Home > Breaking Her (Love is War #2)(14)

Breaking Her (Love is War #2)(14)
Author: R.K. Lilley

Neither parent so much as scolded her.  They were doting to a fault, which wasn't at all surprising, since they even doted on me.  

Mercy was the most beautiful child I'd ever seen. She just was.  It wasn't any one thing about her face that made her so, but the way each feature fell together like poetry.  To describe her was to do it no justice.  Masses of streaky, dark blonde hair with just the right thickness and wave to it that it fell in a perfectly arranged waterfall down her back. 

Big blue eyes, again something that sounded so plain, but made stunning on her.  Thick lashed, almond shaped, and heavy lidded.  They were bright and fathomless at once. 

Her cheekbones were high and colored as though someone had taken blush to them, though I knew her mother, of all people, would never do such a thing to a child.  Her lips were a perfect little rosebud, her nose small, straight, and shaped appealingly. 

"Scarlett!" she said excitedly, rushing at me.

Her mother caught her halfway, guiding her toward the powder room.  "Oh no you don't.  First, let's wash up for dinner.  Remember what we talked about?  That not everyone likes paint all over their clothing?"

"But it's purple!" the little girl returned.  "Purple is pwetty!"

Her parents both cracked up at that, and I tried my best to smile with them. 

Mercy rushed to hug me when she was paint free, throwing her little arms around my waist.  

I patted her on the head tentatively, letting her touch me but not knowing what the proper response was on my part. 

As I've said, I'm bad with children.  Luckily, I didn't know many people with kids, so it wasn't often a problem.

Eugene smiled at me fondly and threw a friendly arm around my shoulders, an embrace that never seemed to get less awkward, at least for me. 

"So how are you guys?" I asked him.  Gina had gone into the kitchen to ready dinner. 

"Wonderful," he replied with no hesitation.  "Just wonderful.  We're blessed.  So blessed."  He sent me a warm, fond smile.

This was his usual response, and I actually believed it.  They had a wonderful life and they felt it was all a blessing.  Even pessimistic me couldn't fault them for it.

"No one deserves it more," I returned sincerely, though the words came out stiffly.  "You're the best parents I know."  It wasn't saying much, most of my friends were single and childless, but it was still the truth. 

He stammered out a thank you at that, eyes misting over. 

Oh Jesus.  I had to look away.  He was such an emotional, open book that I didn't have a clue how to deal with him.  Mostly I just tried to pretend nothing was happening when we had 'a moment.'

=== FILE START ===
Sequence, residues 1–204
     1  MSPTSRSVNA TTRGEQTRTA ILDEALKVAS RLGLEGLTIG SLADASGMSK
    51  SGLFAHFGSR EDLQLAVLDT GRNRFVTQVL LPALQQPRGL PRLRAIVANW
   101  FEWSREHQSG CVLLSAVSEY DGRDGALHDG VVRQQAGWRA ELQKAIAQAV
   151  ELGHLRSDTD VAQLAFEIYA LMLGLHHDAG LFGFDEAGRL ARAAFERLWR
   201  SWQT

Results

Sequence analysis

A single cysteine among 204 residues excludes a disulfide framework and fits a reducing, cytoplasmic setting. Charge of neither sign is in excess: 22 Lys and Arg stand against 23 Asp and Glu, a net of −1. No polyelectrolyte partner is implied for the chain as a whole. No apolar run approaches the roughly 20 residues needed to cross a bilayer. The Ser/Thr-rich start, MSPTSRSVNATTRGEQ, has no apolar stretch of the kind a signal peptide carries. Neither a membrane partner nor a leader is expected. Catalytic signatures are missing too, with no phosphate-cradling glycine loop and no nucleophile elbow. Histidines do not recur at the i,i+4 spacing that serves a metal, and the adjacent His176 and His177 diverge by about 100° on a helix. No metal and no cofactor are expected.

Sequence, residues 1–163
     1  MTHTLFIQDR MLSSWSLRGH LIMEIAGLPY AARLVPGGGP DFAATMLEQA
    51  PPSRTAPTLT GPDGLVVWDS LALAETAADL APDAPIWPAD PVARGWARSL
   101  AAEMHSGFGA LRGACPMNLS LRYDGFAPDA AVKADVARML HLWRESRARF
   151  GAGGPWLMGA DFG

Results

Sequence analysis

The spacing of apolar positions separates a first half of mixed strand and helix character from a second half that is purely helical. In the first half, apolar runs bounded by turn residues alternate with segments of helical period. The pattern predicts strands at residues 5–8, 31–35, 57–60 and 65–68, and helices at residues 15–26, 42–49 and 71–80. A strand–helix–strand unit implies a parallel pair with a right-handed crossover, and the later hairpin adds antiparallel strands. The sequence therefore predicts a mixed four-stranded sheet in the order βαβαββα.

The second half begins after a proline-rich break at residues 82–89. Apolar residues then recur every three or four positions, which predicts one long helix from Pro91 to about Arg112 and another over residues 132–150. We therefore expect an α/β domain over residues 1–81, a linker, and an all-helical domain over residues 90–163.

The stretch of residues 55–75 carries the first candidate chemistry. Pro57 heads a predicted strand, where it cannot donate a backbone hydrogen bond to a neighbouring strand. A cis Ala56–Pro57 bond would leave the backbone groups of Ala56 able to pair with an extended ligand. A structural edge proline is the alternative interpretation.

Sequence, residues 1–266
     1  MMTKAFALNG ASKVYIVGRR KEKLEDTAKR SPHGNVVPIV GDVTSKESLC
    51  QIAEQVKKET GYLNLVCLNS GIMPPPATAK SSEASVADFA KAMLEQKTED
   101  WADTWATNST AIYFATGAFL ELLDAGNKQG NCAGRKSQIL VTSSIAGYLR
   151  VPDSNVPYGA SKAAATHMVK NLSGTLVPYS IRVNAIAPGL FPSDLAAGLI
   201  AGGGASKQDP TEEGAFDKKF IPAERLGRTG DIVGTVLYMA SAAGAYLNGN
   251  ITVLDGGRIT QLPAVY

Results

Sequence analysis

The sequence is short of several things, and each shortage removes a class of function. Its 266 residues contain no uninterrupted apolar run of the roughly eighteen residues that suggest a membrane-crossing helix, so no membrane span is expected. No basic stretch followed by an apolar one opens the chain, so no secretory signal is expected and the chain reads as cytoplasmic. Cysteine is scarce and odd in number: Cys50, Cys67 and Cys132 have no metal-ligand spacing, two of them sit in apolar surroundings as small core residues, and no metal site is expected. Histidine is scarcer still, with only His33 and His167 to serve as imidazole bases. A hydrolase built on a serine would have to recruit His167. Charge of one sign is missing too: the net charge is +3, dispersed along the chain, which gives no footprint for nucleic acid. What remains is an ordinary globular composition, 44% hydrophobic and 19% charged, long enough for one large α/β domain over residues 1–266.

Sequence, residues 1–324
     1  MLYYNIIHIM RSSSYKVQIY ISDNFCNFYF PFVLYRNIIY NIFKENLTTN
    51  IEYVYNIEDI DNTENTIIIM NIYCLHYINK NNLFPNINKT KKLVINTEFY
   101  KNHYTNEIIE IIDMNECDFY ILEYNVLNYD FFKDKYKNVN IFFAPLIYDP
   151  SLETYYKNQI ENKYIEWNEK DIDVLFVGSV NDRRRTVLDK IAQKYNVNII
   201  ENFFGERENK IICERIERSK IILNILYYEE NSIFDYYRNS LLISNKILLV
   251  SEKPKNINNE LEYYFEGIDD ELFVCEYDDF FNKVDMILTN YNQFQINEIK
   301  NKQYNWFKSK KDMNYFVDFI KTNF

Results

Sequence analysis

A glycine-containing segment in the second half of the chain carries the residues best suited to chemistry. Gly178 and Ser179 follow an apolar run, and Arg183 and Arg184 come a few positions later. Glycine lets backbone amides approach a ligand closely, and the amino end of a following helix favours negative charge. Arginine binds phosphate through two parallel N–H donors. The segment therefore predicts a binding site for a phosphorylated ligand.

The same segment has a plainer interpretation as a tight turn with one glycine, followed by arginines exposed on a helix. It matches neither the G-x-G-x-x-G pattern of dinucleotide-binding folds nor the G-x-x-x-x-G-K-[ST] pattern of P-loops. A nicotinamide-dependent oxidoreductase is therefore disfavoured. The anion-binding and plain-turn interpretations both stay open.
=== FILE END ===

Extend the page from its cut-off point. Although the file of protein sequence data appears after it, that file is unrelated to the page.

Dinner was delicious, as always, and the conversation was pleasant.  It was so positive, in fact, that I didn't know how to contribute to it.  Sarcasm felt wrong in their presence.  Snark felt inappropriate, so I tried my best to be politely neutral without being fake.

It was a difficult line to balance.  Particularly so for me.

I wondered, not for the first time, why these perfect people wanted so earnestly to be friends with me, to have mean, negative, flawed me in their lives on a regular basis. 

Of course, I didn't voice the thought aloud.  I knew more than anyone did that, when it came to these two that would be the equivalent of fishing for compliments.    

I escaped them right after dinner, as soon as it was politely possible.

I had to pry Mercy, and then Gina, off me after hugging them.  They were an extremely affectionate family. 

"She has your smile," I told Gina as we said goodbye, and it was true.

Gina beamed at me, and it was a grownup version of the one Mercy had just bestowed on me.  "You think so?"

"I do."

"Oh, thank you.  What a sweet thing for you to say.  Her smile is so beautiful." 

"Just like yours." 

She flushed in pleasure. 

Normally I took their perfection with something approaching good grace, but lately I had been thin-skinned and emotional, and being around the three of them made me dwell on every bittersweet thing I'd ever lost.

I'd just fastened my seatbelt when my phone started ringing. 

I checked the screen.  It was Dante.  Typical. 

I ignored it, foul mood gone fouler. 

It stopped and started again almost immediately, and for some reason, I answered that time. 

"Does he know he doesn't have a chance?" his silky voice bled over the phone.  "That he never did?"

Hello, temper.  

That opening salvo had hit its target perfectly and even I could admit that he'd won the round.

But the bastard wasn't finished.

"You've never been soft for anyone else.   You've never been vulnerable.  Those things belong to me."  He launched each jab at me without pity, hesitation, or remorse.  The bastard.  "They always have.  They always will.  You've never given the you that's mine to anyone else, and you never will.  Even your lying lips can't convince me otherwise."

It was so callous, so profoundly cruel, even for him, that my breath caught at his words.  It held in my chest for a few chaotic beats before I could pull it together enough to breathe again. 

In, out.  In, out.  In, out. 

Of course every word he'd said was true.  That's why they hurt so much.

Finally, I found my voice to ask, "Why do you do this?  What do you want from me?" 

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